September 1, 2012; Detroit, MI, USA; Detroit Tigers designated hitter Brennan Boesch (26) at bat against the Chicago White Sox at Comerica Park. Mandatory Credit: Rick Osentoski-US PRESSWIRE

Boesch Needs To Earn His Spot

When this season, we looked forward to good things (offensively) from a few Tigers that, as you are more than aware, have not delivered. The question we have to ask is: How well is Brennan Boesch going to have to hit from here on out to deserve a spot in right field in 2013? What are the options?

First – the situation. The Tigers have about $90 million in guaranteed money next year, they also have a lot of guys due potentially large arbitration raises. AJax. Fister. Scherzer. Avila. And the list goes on. They’ll lose Inge’s contract, Delmon Young‘s contract and Jose Valverde‘s contract – and those three guys are making more than $20 million right now – but even if they aren’t replaced the Tigers today payroll obligations aren’t likely to decrease. Boesch is another arb-eligible guy due a couple million dollar raise despite the stink. Raburn will be (unless I am grossly mistaken) third year arbitration eligible and due the minimum raise over his current $2 million-ish salary should they offer him a contract. A two million dollar corner outfielder is “cheap” a two million dollar reserve is fairly priced.

It is an unanswered question, particularly if the Tigers fail to make the ALDS (whether or not they qualify for the 1-game wild card play in), whether the Tigers can afford to add any significant salaries. Remember, they’re already stretching the budget to fit Prince Fielder into it. Given the number of arbitration cases, any other owner would be planning who to deal or who to non-tender. If Illitch is willing to add payroll, which implies digging himself further into the red, there will be tension over where to allocate that money. Closer and Right Field (assuming they are willing to stick with Andy Dirks in left) would be competing for the same scarce cash. We have four potential options: open the checkbook for a closer and a right fielder, only for a closer, only for a right fielder or keep the thing closed entirely.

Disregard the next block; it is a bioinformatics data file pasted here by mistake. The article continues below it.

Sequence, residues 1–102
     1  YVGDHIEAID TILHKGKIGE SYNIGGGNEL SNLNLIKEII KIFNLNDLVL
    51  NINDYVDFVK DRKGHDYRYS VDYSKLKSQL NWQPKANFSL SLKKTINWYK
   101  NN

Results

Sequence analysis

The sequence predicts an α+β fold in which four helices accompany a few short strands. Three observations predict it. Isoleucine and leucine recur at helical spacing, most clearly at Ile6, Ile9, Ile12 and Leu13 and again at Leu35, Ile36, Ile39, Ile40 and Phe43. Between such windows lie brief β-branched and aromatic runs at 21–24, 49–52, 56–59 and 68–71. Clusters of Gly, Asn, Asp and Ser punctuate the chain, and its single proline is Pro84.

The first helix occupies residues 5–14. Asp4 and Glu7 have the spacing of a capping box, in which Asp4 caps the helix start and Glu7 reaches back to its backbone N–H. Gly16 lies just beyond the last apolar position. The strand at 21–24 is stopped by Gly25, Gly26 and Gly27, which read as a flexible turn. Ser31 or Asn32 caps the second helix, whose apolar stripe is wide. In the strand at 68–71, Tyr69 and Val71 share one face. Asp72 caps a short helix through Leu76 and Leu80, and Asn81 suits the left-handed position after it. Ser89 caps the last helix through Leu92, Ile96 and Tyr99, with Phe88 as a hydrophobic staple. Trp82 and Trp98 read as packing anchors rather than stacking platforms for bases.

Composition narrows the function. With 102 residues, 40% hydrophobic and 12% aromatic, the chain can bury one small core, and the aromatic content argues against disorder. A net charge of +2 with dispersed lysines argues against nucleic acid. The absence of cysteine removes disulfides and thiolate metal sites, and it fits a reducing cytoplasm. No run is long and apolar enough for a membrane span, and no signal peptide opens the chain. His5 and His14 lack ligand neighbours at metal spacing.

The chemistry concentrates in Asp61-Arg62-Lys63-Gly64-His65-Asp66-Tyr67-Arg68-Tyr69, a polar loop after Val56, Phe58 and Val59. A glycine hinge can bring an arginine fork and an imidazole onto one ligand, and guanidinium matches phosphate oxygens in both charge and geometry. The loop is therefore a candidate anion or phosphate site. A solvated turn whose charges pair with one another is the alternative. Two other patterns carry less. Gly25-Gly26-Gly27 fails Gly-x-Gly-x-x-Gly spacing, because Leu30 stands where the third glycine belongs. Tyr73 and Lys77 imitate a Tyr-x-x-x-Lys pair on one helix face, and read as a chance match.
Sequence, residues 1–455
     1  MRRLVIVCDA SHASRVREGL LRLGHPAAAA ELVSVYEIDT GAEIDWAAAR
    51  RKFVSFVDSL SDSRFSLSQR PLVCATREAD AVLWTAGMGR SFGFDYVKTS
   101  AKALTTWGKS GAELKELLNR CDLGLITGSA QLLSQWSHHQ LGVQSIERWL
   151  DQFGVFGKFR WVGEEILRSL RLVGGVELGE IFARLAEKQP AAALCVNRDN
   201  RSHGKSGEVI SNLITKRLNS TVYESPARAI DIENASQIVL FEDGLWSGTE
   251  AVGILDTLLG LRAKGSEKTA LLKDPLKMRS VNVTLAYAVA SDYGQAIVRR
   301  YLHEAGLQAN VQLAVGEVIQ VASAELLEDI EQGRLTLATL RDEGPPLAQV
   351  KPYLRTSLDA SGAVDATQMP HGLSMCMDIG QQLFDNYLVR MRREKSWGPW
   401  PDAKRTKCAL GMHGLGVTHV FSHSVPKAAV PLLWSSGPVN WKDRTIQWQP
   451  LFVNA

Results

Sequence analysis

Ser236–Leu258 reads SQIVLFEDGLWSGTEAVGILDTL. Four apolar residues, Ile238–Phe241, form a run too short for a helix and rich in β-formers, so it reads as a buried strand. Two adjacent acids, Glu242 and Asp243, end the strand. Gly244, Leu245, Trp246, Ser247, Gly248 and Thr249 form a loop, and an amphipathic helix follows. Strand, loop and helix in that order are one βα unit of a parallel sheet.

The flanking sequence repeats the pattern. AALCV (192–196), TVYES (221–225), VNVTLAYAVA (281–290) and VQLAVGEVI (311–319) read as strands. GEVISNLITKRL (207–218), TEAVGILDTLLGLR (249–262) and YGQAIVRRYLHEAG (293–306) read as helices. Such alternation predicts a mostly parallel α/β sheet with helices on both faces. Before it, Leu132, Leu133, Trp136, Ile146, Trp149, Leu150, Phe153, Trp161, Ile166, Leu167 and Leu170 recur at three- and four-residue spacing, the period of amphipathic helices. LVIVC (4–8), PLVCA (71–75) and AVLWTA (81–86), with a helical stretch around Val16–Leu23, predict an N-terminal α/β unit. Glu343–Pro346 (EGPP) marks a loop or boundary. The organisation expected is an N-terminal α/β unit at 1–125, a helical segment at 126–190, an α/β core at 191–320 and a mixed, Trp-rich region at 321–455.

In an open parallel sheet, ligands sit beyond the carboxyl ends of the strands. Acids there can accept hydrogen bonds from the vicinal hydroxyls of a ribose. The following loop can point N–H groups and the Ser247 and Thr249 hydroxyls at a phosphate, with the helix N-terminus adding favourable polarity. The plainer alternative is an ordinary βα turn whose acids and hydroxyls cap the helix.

I can’t answer which one the Tigers would or should choose – it’s entirely dependent on Ilitch’s willingness to lose money in the pursuit of a championship. But… here’s what our options look like for Right:
Plan A: stay the course entirely. That means offering Boesch a contract and plugging him in in RF like the White Sox have done with Adam Dunn. Could work. Would cost the team a couple of million more than this year, though.
Plan B: dump Boesch, and attempt to cobble something together using the existing roster. Boesch could be genuinely dumped, but he could probably also be traded for something with potential value down the line. If he’s gone the Tigers have Quintin Berry as well as Avisail Garcia, Nick Castellanos & Ben Guez to fight it out in spring training to be the representative from the right side as well as – conceivably – Ryan Raburn or Don Kelly.